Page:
While Inca accepts findings of IT strategies that that the market for high end flatbed inkjet presses above $200,000, is in slow decline, it has no plans to quit the market. The new designs are instead designed to help a business expand by allowing it to increase productivity by adding to the number of heads in the machine, or replacing them entirely should a new style of head deliver additional performance. Previously a company would replace a machine very three or five years even though the mechanics were in perfect working order.

As a consequence, the X series models are intended to be infinitely upgradeable. As a first step this means moving from a four-channel X1 (running at up to 560m2/hr) to the nine-channel X2 (725m2/hr) and ultimately to the X3 with 14 channels, each with 28 printheads. The Fujifilm Dimatix Q class inkjet heads can be specified as 9pl, 27pl or more likely 14pl droplet sizes.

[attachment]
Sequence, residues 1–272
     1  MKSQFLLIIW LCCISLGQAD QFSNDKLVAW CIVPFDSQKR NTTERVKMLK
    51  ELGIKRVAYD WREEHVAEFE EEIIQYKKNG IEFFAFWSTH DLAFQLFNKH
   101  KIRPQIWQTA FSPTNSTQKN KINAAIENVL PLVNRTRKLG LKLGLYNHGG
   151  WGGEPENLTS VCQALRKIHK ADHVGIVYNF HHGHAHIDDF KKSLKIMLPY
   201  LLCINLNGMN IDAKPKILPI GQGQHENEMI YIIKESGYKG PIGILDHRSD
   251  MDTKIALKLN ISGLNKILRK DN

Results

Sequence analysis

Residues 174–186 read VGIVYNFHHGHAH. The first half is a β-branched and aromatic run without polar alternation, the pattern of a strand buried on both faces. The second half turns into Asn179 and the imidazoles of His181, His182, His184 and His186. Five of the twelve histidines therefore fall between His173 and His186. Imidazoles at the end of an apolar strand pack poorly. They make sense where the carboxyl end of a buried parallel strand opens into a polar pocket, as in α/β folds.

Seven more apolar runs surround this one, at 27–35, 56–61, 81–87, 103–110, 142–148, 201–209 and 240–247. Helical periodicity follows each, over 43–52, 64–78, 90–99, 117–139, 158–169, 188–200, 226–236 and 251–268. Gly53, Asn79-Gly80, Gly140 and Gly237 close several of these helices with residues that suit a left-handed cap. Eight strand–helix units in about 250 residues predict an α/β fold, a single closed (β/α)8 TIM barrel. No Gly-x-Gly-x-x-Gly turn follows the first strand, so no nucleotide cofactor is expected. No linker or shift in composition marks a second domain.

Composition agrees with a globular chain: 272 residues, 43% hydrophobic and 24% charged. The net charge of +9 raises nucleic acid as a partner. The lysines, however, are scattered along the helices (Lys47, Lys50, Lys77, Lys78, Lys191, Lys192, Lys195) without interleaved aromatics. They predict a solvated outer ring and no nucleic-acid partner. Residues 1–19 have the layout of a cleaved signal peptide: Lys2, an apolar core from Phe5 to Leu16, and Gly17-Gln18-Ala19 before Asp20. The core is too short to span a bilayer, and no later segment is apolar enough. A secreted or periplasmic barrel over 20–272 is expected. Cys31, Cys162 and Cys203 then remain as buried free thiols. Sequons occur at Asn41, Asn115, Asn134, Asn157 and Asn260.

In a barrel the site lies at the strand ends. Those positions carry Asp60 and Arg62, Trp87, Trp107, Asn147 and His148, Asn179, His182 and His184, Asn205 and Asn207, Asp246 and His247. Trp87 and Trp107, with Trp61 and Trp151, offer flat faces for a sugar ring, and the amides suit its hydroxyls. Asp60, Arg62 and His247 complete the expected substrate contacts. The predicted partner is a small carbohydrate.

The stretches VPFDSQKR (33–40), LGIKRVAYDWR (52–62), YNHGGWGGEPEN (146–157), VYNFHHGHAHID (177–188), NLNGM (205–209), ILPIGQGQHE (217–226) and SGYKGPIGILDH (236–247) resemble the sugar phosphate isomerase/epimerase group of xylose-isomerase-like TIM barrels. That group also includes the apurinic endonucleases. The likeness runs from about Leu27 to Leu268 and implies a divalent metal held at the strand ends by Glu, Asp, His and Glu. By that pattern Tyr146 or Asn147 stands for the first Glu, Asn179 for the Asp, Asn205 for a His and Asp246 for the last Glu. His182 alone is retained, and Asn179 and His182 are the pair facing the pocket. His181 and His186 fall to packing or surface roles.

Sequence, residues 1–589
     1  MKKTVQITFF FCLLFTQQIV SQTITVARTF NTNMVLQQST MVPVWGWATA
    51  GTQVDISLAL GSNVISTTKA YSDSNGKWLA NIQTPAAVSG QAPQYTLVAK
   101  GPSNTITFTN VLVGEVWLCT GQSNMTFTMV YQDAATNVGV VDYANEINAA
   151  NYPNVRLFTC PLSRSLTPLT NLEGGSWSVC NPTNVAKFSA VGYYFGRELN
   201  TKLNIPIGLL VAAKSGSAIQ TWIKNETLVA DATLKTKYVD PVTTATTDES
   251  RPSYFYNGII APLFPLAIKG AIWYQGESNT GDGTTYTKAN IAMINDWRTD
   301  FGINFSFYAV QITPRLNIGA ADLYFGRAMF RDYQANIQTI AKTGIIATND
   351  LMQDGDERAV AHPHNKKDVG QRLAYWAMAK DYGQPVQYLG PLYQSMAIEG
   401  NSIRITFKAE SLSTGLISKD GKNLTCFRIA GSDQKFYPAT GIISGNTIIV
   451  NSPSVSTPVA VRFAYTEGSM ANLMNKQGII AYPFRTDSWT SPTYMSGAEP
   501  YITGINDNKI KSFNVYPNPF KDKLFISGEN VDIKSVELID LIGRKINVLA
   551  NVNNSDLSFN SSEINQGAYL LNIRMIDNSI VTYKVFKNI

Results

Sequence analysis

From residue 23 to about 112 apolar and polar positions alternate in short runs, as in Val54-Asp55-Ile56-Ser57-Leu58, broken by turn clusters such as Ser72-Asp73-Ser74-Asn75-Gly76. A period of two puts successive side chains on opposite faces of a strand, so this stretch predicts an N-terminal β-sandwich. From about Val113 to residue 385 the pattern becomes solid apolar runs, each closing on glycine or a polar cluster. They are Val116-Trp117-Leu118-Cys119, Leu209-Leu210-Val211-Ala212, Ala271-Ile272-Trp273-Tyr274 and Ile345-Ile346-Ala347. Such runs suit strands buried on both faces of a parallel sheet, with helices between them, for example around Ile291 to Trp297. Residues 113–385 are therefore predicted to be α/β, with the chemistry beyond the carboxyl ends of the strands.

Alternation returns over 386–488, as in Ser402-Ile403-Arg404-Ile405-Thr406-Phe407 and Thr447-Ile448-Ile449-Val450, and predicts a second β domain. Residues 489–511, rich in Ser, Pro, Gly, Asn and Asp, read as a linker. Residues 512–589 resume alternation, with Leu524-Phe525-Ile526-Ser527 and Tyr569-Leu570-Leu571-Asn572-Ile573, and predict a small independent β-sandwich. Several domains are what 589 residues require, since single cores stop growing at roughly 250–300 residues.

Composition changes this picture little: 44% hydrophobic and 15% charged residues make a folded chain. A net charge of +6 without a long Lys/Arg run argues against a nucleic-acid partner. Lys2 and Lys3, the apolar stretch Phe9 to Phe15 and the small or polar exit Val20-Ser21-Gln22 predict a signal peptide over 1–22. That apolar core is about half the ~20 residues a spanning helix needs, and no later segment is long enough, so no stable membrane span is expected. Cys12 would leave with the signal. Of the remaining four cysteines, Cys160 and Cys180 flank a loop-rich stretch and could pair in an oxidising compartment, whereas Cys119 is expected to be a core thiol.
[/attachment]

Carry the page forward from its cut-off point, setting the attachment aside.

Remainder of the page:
This offers the combination of speed and quality that European and American markets are looking for, says Inca managing director John Mills. The south east Asian market, where Inca has relatively little share but aims to grow, is fixated on the close up quality that 9pl droplets deliver.

“When everyone introduced 9pl at Fespa 2013, we thought demand would follow, but it turns out that the market developed differently. People wanted to print faster and 14pl became the sweet spot between quality and performance speed,” he says. "We are selling more machines with 14p than we are 9pl machines.”

The design of the new machines is intended to cope with this. As well as increasing the number of heads in a machine, the type of head can be changed, either for a different droplet size or in future as new heads with different characteristics are developed. This flexibility underpins the assertion that the machine is future proofed.